Physical activity promotion programs can benefit from adherence predictions. The 2018 National Physical Activity Guidelines for American recommend that adults engage in at least 150 min to 300 min a week of moderate-intensity, or 75 min to 150 min a week of vigorous-intensity aerobic physical activity, or an equivalent combination of moderate- and vigorous-intensity aerobic activity [17]. However, objectively measured physical activity data indicated that only a small proportion of American adults met the guidelines [18]. Furthermore, physical activity programs suffer from exercise relapses and low adherence, which hinders individuals from meeting the guidelines. Despite the potential of leveraging mobile technologies with activity trackers and wearable devices to provide accurate real-time measurements of physical activity and deliver interventions to encourage adherence, [19,20,21,22] the capacity of these technologies in automating and personalizing physical activity promotion programs is only beginning to be explored. Recent studies have found that mobile-based lifestyle modification programs with a reduced number of coaching sessions can achieve statistically significant increases in physical activity [23,24,25,26,27,28,29,30,31,32,33,34]. Encouraged by this success, a more recent question is whether it is feasible to use mobile technologies to deliver fully-automated or nearly-fully-automated physical activity promotion programs. One study [23] sent personalized messages based on self-reported assessments, but did not use objectively measured data for personalization. Our prior study, a fully-automated physical activity intervention with a personalized goal setting feature, validated the feasibility of adopting additional levels of automation to improve the efficacy of such programs in a cost-effective way [35]. Full automation can enable further scaling of these programs to larger populations and accurate prediction of adherence is important.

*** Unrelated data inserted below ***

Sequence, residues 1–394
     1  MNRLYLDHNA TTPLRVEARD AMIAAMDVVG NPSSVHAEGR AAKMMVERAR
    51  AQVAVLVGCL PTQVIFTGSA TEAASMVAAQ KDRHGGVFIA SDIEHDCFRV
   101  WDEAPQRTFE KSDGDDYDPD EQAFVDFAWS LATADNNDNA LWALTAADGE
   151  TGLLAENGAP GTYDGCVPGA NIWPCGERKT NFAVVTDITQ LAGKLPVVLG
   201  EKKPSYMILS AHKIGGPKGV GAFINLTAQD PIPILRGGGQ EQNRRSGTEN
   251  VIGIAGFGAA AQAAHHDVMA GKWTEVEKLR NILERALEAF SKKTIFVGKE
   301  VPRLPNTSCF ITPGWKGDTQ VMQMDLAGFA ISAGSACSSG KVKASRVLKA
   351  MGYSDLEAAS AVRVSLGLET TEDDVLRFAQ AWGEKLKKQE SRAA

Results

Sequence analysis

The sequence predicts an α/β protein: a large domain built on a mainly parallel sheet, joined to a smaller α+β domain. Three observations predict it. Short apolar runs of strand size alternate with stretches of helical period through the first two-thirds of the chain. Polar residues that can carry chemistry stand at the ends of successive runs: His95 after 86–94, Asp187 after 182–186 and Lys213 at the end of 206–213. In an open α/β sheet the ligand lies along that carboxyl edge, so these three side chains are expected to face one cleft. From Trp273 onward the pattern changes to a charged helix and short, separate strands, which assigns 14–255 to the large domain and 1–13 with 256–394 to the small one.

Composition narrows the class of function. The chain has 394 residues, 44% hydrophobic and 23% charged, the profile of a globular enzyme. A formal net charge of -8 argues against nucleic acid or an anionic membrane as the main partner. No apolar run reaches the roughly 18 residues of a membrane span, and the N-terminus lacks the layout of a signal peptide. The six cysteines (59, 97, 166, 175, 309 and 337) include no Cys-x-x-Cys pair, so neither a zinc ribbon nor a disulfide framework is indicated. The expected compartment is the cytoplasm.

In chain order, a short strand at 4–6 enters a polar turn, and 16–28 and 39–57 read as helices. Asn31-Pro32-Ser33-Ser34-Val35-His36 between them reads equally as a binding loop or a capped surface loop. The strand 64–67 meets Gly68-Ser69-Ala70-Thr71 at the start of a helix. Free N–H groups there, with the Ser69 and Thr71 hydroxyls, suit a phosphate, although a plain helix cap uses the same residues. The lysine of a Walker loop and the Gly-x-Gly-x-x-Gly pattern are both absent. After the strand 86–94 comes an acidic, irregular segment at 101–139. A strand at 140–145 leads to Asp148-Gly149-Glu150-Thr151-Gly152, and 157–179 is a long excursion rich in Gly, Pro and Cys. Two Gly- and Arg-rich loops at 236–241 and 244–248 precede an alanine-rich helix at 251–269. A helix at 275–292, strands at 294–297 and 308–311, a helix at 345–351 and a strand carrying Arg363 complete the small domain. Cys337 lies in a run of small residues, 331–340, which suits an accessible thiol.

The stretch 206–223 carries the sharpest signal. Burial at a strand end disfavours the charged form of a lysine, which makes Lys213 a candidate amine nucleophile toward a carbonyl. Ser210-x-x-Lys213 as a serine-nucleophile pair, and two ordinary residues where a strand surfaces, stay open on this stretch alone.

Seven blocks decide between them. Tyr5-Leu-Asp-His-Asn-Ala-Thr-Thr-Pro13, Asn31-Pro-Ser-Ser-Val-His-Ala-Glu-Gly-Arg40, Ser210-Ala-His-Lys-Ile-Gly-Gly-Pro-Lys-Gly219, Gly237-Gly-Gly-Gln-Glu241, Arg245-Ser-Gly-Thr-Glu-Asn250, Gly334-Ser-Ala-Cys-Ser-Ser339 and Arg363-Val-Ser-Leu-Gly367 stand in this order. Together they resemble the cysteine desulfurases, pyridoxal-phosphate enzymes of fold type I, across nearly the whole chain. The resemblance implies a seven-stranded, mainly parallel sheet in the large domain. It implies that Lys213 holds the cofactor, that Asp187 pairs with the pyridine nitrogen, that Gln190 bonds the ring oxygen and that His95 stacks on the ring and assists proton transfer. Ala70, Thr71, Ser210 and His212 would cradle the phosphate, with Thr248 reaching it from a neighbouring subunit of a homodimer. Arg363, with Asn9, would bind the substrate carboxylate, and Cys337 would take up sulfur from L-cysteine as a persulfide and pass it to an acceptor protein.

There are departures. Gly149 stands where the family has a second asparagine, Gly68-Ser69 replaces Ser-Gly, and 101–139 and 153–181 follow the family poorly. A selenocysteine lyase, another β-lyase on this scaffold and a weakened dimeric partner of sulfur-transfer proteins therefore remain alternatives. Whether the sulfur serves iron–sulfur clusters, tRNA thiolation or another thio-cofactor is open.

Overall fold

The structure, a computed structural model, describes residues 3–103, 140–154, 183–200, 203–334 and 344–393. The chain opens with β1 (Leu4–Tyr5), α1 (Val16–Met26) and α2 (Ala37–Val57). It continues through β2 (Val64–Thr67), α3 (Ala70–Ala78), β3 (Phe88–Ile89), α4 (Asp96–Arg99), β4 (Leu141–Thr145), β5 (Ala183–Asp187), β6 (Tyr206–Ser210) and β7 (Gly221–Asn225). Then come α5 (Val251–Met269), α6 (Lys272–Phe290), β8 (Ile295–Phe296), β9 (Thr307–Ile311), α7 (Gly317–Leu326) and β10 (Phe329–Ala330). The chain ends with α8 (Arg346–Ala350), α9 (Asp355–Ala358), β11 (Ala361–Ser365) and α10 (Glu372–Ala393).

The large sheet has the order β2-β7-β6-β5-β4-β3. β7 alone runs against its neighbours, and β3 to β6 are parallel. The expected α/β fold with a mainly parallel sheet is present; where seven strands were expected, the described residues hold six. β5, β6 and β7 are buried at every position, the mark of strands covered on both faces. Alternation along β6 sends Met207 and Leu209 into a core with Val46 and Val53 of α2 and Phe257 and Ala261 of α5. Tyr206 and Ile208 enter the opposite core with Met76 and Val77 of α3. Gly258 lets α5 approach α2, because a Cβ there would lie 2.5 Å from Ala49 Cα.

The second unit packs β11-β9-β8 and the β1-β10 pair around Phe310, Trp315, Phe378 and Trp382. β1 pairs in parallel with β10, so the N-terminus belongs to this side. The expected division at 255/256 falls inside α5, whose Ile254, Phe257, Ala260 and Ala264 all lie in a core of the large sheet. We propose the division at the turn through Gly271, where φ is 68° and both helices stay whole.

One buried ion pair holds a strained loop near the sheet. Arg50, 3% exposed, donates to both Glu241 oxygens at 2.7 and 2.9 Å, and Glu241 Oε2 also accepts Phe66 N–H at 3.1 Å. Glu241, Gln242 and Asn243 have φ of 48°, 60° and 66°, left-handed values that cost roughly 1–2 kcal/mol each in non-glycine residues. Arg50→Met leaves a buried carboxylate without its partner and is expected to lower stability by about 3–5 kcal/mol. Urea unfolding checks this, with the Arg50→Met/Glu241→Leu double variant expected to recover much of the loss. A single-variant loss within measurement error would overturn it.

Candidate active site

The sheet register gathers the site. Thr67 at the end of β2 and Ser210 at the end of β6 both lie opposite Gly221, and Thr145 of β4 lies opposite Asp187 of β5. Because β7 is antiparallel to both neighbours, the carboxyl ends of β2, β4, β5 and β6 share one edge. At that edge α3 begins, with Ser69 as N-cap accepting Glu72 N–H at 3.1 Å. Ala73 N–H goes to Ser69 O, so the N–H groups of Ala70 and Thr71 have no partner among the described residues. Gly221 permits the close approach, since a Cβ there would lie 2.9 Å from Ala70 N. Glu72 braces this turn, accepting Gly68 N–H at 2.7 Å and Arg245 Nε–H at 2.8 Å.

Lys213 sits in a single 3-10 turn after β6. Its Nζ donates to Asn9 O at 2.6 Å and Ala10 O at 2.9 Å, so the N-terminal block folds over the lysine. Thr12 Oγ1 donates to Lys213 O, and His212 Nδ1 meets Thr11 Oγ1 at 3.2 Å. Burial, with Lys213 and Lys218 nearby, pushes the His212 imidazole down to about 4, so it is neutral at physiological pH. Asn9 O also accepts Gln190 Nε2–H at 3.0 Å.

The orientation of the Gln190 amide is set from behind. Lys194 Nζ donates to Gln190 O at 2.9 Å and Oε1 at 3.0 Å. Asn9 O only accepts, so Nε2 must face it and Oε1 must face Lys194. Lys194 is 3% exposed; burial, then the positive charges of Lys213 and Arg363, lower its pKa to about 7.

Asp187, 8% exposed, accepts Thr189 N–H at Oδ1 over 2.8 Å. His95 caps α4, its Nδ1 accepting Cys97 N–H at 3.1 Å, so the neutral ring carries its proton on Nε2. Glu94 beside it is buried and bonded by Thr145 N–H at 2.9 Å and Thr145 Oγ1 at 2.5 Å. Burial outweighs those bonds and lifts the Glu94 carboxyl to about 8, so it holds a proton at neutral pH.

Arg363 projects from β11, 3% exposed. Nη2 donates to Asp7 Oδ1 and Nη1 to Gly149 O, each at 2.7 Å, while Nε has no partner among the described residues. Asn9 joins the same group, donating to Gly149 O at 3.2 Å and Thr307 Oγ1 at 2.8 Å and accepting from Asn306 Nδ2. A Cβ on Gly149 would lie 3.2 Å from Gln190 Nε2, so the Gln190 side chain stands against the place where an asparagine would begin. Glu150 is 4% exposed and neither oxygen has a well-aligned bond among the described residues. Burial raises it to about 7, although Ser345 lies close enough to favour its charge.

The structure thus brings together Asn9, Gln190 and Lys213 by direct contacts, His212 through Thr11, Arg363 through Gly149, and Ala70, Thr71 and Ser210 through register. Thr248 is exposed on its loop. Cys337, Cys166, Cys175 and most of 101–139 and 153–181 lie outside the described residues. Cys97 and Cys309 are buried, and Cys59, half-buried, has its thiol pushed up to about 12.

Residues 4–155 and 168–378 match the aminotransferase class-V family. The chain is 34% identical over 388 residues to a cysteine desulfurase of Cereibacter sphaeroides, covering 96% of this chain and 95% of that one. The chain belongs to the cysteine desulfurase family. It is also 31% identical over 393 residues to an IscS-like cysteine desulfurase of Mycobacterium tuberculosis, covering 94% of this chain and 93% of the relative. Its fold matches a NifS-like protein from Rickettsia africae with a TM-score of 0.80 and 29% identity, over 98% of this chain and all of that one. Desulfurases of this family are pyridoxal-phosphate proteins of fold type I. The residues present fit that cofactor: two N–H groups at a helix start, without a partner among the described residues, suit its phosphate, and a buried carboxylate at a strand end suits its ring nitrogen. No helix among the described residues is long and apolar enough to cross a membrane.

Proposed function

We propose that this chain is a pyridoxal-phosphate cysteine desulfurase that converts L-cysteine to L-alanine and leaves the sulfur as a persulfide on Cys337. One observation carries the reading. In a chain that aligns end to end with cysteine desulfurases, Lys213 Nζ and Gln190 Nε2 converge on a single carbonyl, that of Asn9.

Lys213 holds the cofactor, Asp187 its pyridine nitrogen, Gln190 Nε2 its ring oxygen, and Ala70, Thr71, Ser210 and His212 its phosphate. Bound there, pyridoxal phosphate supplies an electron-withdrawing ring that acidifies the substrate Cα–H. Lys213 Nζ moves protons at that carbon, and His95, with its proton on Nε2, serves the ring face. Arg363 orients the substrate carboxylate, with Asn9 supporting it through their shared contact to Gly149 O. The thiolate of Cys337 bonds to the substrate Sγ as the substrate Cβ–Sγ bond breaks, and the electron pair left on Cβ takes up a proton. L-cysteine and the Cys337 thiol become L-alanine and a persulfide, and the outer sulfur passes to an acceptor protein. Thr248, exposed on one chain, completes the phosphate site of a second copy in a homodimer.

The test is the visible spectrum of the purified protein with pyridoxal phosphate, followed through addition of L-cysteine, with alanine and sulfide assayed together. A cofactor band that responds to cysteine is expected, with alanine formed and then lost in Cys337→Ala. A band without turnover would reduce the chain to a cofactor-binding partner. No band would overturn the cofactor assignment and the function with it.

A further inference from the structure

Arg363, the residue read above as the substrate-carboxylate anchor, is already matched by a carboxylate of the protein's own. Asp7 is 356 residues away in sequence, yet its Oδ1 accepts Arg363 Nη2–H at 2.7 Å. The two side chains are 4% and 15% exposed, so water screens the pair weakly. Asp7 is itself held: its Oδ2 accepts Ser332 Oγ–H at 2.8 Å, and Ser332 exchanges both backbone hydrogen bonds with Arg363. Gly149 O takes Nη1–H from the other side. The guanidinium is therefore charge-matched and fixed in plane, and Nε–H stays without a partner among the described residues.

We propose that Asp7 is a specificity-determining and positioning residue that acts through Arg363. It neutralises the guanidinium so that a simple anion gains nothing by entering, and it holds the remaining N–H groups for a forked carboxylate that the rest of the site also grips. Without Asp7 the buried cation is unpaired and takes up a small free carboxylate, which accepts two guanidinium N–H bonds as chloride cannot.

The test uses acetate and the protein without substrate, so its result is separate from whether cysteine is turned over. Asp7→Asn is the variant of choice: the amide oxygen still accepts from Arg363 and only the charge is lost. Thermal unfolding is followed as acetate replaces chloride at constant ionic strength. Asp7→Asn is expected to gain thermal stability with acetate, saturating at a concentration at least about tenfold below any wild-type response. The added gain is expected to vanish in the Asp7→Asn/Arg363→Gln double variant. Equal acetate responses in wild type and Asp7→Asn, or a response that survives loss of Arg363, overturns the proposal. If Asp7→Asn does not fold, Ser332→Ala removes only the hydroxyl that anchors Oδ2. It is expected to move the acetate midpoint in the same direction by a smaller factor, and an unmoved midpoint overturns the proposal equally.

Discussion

Review of warning scoring in healthcare

Several warning scores have been developed in healthcare for the purpose of predicting adverse medical events at an early stage so that medical interventions can be delivered before significant patient state deterioration occurs. Early Warning Scoring (EWS) is a popular system for bedside patient assessment [36,37,38]. It is based on the physiologic assessment of multiple vital signs (e.g., respiration, heart rate, body temperature, etc.) and abnormal observations, which trigger immediate notifications that lead to early interventions to prevent critical events from happening. Validated EWS algorithms are also used to provide guidance for optimizing patient management and guiding resource allocation within healthcare organizations [39, 40].